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The Brain and the Meaning of Life 2: Evidence Beats Faith

09/15/2012

Thagard is defending the use of evidence for making decisions, as opposed to faith.

He points out three problems with faith: contradicting faith claims (with no way to reconcile them), the falsity of things believed on faith, and horrors done because of faith.

He also acknowledges the fallability of naturalistic evidence based reasoning, but points out that the relevant difference is that evidence based thinking can be corrected with more evidence. Faith is immune.

Kindle Notes:

Religious faith is enormously important to the lives of billions of people, but it faces three serious problems as a means of deciding what to believe or what to do: variations among religions, falsity of religious beliefs, and evil actions based on religion (247).

Evidence-based thinking can also lead to false beliefs and evil actions, but there are crucial differences. When disagreements occur, scientists do not have to resort to empty pronouncements about whose faith is stronger; instead they can attempt to assess competing beliefs with respect to the available evidence (300).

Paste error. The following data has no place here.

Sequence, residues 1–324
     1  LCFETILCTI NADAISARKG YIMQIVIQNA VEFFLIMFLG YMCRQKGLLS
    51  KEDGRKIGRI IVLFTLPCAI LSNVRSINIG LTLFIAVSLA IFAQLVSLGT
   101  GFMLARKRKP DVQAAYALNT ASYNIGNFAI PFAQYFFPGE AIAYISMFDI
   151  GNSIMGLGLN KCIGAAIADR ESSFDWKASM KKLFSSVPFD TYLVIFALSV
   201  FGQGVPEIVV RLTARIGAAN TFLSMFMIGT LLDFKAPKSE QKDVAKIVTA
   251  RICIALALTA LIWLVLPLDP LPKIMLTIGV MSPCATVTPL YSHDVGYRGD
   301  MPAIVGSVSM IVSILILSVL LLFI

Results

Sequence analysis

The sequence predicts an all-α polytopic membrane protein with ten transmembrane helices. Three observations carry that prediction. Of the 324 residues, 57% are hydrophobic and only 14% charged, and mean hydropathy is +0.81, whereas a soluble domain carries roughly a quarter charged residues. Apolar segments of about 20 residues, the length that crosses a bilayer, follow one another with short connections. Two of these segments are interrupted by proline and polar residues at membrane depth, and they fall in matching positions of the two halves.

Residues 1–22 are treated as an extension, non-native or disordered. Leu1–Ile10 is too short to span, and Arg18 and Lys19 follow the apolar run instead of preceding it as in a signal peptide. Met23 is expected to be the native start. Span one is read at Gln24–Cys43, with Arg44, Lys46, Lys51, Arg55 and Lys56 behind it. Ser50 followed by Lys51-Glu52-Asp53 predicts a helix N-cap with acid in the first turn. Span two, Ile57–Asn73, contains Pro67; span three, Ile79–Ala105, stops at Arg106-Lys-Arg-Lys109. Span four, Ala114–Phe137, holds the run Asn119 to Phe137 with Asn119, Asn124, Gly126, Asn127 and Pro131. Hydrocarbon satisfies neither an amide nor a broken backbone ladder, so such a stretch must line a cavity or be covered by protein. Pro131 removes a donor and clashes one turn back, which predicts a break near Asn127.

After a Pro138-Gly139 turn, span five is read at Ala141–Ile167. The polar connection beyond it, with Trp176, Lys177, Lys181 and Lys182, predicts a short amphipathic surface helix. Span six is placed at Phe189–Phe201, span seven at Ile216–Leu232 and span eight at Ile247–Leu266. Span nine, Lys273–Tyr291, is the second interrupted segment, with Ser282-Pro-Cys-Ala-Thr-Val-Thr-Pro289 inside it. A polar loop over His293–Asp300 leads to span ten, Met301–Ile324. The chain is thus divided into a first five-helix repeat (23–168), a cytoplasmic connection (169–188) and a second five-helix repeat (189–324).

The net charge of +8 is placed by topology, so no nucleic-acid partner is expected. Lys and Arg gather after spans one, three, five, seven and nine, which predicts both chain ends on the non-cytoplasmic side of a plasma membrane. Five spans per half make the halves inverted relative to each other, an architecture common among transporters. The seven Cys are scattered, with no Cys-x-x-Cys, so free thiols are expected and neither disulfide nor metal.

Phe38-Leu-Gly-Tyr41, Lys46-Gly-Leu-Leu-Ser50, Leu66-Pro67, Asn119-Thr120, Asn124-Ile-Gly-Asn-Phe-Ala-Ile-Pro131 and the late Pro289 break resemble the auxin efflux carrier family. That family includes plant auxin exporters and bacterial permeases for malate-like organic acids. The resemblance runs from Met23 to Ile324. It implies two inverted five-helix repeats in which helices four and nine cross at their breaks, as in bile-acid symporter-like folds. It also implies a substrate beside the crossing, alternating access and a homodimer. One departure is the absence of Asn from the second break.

Faith-based thinking provides no basis for resolving disagreements by changing minds, but evidence-based thinking does (304).

In sum, the scientific use of evidence is radically different from and more effective than religious faith. Science uses explanations that are mechanistic and mathematical, observations that are systematic and made by instruments more powerful than human senses, and experiments that generate evidence acutely relevant to the choice of the best explanatory hypotheses (403).

The fact that inference to the best explanation of evidence can go astray is no reason to reject it, as long as it often gets things right and there is no alternative method that has a better record of achieving important truths and avoiding errors (462).

Note: Reason is what has corrected those errors, not faith.

although evidence-based thinking is fallible, it has an effective method of correcting errors, by systematically collecting new evidence, developing new explanatory hypotheses, and selecting the best (576).

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